Like lambs to the slaughter

John Wade’s 70th birthday dish Greek Roast Lamb

Lambs are sweet innocent creatures that you wouldn’t want to harm, but since there are a billion lambs around the world compared with 7 billion humans (unlike New Zealand where the ratios are reversed, with 7 sheep for every human), we have farmed them for thousands of years  There is evidence of woollen clothing dating back to 10,000BC.

The Spring in the Northern hemisphere is when lambs are born, and It being that time of year, we recently enjoyed Greek Roast Lamb one day, and Mutton mulligatawny the next. A fitting celebration for good friend John Wade, 70 on 16 April 2015.

Greek Roast Lamb for FourThe Roast Lamb took 10 minutes to prepare and 40 minutes to cookIngredients
1 large leg of lamb, about 3kg/6lb 8oz
6 garlic cloves
1 bunch oregano
zest and juice 1 lemon
6 tbsp olive oil
1½ kg new potatoes
400g can chopped tomatoes
large handful pitted baby kalamata olives

Heat oven to 240C/fan 220C/gas 9. Pound the garlic, half the oregano, lemon zest and a pinch of salt in a pestle and mortar, then add the lemon juice and a drizzle of olive oil. Stab the lamb all over with a sharp knife, then push as much of the herb paste as you can into the holes.
Tip the potatoes into a large roasting tin, then toss in the remaining olive oil and any remaining herb paste. Nestle the lamb amongst the potatoes, roast for 20 mins, then reduce the temperature to 180C/fan 160C/gas 4. Roast for 1 hr 15 mins for medium-rare, adding another 15 mins if you prefer your lamb medium. Baste the lamb once or twice with the juices and toss the potatoes. When the lamb is done to your liking, remove from the tin and let it rest. Throw the rest of the oregano in with the potatoes, scoop from the tin and keep warm.
Place the roasting tin over a medium flame, add the canned tomatoes and olives to the pan juices, then simmer for a few mins. Serve the lamb with the potatoes and sauce and a simple salad.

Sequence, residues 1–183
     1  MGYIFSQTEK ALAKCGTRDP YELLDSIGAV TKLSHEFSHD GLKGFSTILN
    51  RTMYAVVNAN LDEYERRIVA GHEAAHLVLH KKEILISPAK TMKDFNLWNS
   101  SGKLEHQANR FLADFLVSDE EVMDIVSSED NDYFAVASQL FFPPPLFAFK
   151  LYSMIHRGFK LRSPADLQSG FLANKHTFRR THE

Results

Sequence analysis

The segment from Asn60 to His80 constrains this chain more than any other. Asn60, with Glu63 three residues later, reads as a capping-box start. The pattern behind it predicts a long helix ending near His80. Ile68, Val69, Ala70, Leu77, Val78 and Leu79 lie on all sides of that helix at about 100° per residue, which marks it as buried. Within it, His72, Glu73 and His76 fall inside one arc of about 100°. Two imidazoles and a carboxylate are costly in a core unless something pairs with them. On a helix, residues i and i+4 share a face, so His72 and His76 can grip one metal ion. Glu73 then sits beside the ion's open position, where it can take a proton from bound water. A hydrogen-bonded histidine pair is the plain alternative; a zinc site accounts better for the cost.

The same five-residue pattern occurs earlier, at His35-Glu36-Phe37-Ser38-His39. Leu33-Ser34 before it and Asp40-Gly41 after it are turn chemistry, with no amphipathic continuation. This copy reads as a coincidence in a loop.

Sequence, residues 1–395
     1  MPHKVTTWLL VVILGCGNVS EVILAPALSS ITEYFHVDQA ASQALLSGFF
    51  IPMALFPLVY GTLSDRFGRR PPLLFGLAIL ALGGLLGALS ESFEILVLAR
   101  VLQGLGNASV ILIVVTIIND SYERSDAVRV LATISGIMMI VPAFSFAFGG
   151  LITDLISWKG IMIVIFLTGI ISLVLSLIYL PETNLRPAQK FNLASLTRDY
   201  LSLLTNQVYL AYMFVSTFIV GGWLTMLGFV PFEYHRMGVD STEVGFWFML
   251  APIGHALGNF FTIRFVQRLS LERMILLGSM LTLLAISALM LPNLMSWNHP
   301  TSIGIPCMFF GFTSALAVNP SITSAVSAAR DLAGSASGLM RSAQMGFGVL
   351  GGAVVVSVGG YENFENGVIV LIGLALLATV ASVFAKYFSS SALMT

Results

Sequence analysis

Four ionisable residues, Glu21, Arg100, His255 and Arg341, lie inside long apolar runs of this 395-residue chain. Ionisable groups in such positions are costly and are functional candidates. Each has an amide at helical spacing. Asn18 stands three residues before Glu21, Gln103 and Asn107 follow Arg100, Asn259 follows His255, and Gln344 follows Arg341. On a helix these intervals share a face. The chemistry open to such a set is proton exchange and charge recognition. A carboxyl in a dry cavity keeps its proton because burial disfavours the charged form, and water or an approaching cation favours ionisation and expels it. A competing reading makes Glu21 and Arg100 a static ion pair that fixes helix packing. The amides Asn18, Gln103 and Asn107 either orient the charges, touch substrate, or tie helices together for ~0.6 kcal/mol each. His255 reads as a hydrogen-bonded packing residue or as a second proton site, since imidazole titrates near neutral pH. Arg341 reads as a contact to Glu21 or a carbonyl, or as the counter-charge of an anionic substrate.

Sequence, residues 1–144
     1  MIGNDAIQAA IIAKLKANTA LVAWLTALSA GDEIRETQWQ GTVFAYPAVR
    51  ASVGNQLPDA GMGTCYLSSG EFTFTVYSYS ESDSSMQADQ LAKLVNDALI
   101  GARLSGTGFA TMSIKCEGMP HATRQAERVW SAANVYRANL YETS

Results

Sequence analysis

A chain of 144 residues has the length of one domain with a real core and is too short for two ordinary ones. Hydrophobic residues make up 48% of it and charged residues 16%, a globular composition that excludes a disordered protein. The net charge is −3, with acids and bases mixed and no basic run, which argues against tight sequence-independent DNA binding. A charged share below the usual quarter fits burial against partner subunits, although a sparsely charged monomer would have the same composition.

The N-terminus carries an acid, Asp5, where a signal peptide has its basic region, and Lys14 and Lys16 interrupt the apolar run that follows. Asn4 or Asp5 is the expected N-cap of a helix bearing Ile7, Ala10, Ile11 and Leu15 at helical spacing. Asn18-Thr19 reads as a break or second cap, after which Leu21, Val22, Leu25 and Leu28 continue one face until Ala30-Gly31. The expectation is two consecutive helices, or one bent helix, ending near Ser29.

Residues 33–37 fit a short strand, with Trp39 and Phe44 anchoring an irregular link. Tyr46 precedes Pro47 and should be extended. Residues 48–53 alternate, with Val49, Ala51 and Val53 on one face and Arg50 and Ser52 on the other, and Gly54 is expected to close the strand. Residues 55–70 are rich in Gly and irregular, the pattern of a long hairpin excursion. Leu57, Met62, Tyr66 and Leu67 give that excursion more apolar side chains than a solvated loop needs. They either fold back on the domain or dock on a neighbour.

Recipe from Good Food magazine, May 2008

Mutton mulligatawny soup Serves: 4

…and for the day after

Mutton Mulligatawny, an English soup after an Indian recipe. The name originates from the Tamil words mullaga/milagu and thanni and can be translated as “pepper-water” 
The original version of this soup consisted of a broth from chicken and lamb, fried onions and curry powder. Today it normally designates a thickened soup that is strongly spiced with curry powder and nutmeg. Often, strips of vegetables, nuts and rice are added, sometimes also port wine.
The original Indian dish wasn’t a soup, but a sauce that was served with rice.

150g streaky bacon

300g flaky mutton meat, cut into bite size pieces (left over from the day before)
1 1/2 tsp Madras curry powder
2 carrots, peeled and cut into 5mm dice
3 cloves garlic, minced
1 large onion, diced
1/4 teaspoon paprika
1 litre good quality mutton stock
2 sticks celery, diced
few drops Worcestershire sauce
1 teaspoon white wine vinegar
300g potatoes, peeled and cut into 1cm dice
Salt and cracked black pepper

Small bunch flat leaf parsley, chopped

Prep:10min  ›  Cook:40min  ›  Ready in:50 mins
1.        Cut bacon into thin lardons and fry in a little oil in a large pot until just starting to colour. Add onion, celery and garlic to the pot with the bacon, along with about 1/2 teaspoon of fat skimmed from the mutton stock, if available. Turn the heat right down and gently sweat the vegetables down for 10 to 15 minutes until they are nice and soft.

2.        Add the carrots, the mutton cut into small pieces, curry powder, paprika and stock. Taste and season with salt and pepper, bring to the boil, then turn the heat down to just below simmering point and cook for 15 to 20 minutes.

3.        Add Worcestershire sauce and white wine vinegar. Add potatoes to the soup. Cook until the potatoes are tender but not falling apart. Adjust the seasoning and serve with some parsley scattered over.

Recipe from

Published by Rob

Now 70, I'm getting back into website development and brand protection, as well as showcasing the delightful artistic talents of my beautiful wife Lynne. My projection will encompass a lifetime of database marketing, as well as the Christian democratic socialist ideals of my wife and I.

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